The Roman Empire
Estimate: 45'000 CHF
Starting price: 36'000 CHF
Price realized: 95'000 CHF
Commodus augustus, 177 – 192
Aureus 186-189, AV 7.22 g. M COMM ANT P – FEL AVG BRIT Laureate, draped and cuirassed bust r. Rev. FORTVNAE·MANENTI Fortuna seated l., holding horse by bridle with r. hand and cornucopiae in l.; in exergue, C V P P. C –. BMC –, cf. 231 (denarius). RIC –, cf. 191 (denarius). Calicó –.
Apparently unique and unrecorded. A very interesting and fascinating issue struck in
high relief on a very broad flan. A simply perfect Fdc
Ex Numismatica Genevensis sale 4, 2006, 188.
This unique aureus of Commodus, the reverse previously only known from rare denarii (see RIC 191a; MIR 18, 751), features the unusual type of Fortuna Manens on the reverse. Fortuna was the Roman goddess of luck or chance, and appears to have originally come to Rome from either Antium or Praeneste. As the personification of changing circumstances, Fortuna could bring either good or bad luck according to her whim, and evincing such fickleness it was only natural that the empire’s inhabitants were particularly careful not to offend her. Thus she was adored everywhere, and in every town could be found statues and altars honoring her various manifestations.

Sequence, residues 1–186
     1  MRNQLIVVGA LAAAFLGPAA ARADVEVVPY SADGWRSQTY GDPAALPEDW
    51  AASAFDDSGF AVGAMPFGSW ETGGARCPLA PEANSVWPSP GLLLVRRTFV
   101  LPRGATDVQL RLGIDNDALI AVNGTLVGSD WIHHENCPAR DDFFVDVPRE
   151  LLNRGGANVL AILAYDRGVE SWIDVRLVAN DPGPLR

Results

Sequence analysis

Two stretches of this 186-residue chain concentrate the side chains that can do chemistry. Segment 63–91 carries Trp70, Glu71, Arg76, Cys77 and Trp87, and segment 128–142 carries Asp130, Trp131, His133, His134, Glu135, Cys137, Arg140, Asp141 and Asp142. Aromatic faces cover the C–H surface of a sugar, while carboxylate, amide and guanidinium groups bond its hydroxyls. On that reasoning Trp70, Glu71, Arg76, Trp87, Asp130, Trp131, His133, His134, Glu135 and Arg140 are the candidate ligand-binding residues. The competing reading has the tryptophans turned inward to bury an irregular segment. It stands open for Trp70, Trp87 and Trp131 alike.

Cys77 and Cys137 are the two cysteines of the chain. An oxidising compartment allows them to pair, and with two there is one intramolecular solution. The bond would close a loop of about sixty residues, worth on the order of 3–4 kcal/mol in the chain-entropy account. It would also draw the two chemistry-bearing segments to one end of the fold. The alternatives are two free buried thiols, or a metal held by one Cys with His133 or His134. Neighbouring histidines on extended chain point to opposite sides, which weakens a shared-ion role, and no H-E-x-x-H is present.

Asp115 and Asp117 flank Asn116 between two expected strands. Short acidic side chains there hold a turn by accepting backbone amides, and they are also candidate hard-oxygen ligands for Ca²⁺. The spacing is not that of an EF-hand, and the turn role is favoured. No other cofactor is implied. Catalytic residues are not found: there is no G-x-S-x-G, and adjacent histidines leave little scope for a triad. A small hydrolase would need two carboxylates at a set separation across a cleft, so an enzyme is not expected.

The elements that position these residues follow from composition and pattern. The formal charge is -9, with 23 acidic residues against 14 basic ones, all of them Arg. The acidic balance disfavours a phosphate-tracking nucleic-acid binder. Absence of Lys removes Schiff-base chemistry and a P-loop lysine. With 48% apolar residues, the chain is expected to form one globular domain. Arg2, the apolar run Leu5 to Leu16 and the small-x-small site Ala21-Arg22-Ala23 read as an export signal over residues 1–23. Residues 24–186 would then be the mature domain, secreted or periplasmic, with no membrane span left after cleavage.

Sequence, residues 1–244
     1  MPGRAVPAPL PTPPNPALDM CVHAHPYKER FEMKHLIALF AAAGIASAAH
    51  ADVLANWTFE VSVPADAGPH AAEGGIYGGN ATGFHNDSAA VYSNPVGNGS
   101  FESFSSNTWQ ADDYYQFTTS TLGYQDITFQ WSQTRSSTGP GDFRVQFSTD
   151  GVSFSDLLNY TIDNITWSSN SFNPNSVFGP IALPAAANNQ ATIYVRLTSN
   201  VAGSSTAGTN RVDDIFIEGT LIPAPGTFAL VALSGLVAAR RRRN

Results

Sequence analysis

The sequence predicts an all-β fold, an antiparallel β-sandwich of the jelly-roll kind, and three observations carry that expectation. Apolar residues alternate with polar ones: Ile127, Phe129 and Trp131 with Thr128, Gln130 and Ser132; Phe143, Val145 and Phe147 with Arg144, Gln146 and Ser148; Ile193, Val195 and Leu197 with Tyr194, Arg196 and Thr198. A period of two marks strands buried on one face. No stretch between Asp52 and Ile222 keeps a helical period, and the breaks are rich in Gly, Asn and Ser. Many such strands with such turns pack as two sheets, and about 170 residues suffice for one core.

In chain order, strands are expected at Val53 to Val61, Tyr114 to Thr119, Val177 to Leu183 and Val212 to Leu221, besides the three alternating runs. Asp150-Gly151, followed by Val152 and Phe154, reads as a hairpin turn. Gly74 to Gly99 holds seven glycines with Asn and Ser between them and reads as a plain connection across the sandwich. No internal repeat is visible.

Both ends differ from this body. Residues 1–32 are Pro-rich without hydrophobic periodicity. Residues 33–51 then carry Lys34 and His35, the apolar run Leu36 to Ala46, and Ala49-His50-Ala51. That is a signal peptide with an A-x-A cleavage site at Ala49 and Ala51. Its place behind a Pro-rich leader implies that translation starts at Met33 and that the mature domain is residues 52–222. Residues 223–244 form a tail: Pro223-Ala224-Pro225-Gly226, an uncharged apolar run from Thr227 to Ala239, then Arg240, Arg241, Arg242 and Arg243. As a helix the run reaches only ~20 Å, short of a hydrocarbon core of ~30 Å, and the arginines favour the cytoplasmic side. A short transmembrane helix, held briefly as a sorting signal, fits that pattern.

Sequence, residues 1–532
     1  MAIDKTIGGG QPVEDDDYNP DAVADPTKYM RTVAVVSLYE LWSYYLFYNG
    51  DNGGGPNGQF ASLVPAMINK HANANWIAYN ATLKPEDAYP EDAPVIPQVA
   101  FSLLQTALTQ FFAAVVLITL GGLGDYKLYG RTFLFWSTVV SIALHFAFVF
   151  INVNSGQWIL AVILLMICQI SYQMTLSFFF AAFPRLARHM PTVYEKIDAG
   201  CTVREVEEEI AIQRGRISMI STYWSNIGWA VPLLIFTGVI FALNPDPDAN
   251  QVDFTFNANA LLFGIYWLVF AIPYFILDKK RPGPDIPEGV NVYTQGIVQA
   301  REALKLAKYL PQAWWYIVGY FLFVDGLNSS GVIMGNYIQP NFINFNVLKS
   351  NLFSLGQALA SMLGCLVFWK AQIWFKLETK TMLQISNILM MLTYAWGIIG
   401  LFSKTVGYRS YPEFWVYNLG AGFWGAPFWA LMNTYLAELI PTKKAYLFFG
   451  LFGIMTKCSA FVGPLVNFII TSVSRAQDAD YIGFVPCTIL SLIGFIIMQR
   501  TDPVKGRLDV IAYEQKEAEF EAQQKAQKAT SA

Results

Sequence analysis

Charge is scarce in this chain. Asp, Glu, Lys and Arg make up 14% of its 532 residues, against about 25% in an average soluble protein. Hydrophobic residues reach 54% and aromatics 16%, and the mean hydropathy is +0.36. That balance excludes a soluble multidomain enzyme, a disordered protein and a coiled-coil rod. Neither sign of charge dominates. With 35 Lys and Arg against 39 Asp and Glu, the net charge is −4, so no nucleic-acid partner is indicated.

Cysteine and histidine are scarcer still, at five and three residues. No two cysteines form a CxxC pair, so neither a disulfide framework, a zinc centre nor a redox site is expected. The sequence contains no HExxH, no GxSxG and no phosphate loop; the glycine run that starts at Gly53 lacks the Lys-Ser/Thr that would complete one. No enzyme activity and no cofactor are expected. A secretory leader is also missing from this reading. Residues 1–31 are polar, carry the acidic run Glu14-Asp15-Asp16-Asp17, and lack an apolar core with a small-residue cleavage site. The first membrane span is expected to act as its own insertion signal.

The title Manens in Latin means ”enduring” or ”abiding.” Here it reflects Fortuna as the deliverer of permanent good fortune. Her appearance at this time, during Commodus’ fifth consulate and probably more precisely dating to the year A.D. 189, may refer to the downfall of Commodus’s favorite, the freedman Marcus Aurelius Cleander. Under Commodus, who cared little for the day-to-day administration of the vast empire, Cleander had concentrated much power for himself, and in addition he was notoriously greedy. He shamelessly sold every conceivable public office, sharing some of the proceeds with his sovereign but pocketing substantial wealth himself. His rapaciousness became so burdensome that even the grain supply was adversely affected. Of course, with around a million mouths to feed the reliable delivery of food shipments from Rome’s breadbaskets was absolutely essential, but Cleander’s meddling had caused near collapse of the system. This, in turn, lead to widespread civil unrest, and it was only with Cleander’s brutal murder at the hands of the mob that civil war averted.